HOMER, Ill. (WCIA) — Deer experts shed light on why deer mating season can be so dangerous for drivers.
Pam Leiter, an assistant director with the Champaign County Forest Preserve District, said in the fall, more drivers are out closer to dawn and dusk because the days are shorter and deer are more active because of mating season. Leiter said whenever it’s possible, drivers should turn on their high beams.
“Their eyes are adapted to the dark,” Leiter explained. “So, there’s a substance at the back of their eyes that reflects light so they can make the most of those low-light conditions at dusk and dawn, but that means it reflects the lights of the headbeams of your car.”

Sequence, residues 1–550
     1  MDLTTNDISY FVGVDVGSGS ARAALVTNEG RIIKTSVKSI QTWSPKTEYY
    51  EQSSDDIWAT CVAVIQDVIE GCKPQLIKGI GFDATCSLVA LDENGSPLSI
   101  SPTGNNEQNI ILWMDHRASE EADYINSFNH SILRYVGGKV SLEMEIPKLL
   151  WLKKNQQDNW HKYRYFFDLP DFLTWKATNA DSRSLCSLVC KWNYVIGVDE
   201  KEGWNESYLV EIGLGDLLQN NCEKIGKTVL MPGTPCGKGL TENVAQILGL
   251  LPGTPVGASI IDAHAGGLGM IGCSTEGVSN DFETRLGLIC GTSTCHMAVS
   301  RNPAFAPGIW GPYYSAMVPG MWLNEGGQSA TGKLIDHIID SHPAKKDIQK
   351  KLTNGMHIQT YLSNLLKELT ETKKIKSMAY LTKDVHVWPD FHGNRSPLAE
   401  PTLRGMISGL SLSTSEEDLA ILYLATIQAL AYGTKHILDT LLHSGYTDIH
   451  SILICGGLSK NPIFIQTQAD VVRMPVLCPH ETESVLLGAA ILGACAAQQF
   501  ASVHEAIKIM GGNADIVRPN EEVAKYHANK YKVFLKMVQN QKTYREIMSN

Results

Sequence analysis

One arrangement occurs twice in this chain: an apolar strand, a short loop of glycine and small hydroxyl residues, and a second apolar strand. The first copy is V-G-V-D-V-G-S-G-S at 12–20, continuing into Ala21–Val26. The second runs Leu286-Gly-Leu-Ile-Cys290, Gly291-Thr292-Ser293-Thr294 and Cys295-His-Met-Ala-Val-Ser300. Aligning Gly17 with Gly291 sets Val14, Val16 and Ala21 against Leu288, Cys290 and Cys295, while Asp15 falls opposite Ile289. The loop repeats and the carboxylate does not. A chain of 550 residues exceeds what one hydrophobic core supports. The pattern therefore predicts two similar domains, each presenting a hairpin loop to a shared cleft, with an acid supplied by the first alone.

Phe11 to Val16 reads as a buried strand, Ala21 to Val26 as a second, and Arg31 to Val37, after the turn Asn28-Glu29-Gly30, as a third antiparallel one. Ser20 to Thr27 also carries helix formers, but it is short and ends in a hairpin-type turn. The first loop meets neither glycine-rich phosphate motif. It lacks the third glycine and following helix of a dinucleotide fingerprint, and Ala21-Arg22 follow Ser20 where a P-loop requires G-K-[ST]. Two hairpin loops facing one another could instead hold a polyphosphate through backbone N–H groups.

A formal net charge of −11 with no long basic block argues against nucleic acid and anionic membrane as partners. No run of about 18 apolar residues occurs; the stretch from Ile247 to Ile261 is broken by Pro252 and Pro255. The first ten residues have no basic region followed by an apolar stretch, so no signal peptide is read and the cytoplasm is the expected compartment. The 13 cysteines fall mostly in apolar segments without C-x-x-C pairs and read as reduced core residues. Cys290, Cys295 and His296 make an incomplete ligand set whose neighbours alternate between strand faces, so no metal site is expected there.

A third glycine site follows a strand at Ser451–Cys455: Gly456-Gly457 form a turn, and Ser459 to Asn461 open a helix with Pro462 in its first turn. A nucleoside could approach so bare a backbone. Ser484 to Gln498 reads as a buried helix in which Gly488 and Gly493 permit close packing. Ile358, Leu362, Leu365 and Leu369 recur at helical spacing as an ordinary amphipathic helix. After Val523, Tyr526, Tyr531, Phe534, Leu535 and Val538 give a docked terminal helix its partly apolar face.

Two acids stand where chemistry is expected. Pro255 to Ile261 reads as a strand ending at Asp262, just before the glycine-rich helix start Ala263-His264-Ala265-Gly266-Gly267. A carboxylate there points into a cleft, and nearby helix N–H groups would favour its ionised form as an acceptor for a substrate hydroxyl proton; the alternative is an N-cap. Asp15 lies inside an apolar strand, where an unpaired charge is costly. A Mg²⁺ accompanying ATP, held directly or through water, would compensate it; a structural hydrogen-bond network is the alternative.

The Illinois Department of Transportation said more than 40% of deer-related car crashes happen in October, November and December, with November being the peak of the season. Out of roughly 15,600 deer-related crashes in 2018, IDOT said nearly 90% happened in rural areas.
“In general, we find that in the cooler months of the year, there will be pretty large herds in the farm fields right outside of Homer Lake Forest Preserve, maybe 20 to 30 deer or so,” Leiter said. “So, if you have a farm field right near a wooded area, deer will tend to stay in the wooded area during the day, and travel to the farm fields to feed at dawn and dusk. So, they’re crossing that road a lot and making that transition.”
Leiter also wanted drivers to remember deer travel in herds, meaning if you’ve seen one, more are likely on the way as well.